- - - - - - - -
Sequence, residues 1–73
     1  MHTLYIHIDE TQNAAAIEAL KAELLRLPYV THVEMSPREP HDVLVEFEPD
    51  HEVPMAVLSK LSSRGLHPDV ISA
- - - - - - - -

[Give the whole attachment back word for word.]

Sequence, residues 1–73
     1  MHTLYIHIDE TQNAAAIEAL KAELLRLPYV THVEMSPREP HDVLVEFEPD
    51  HEVPMAVLSK LSSRGLHPDV ISA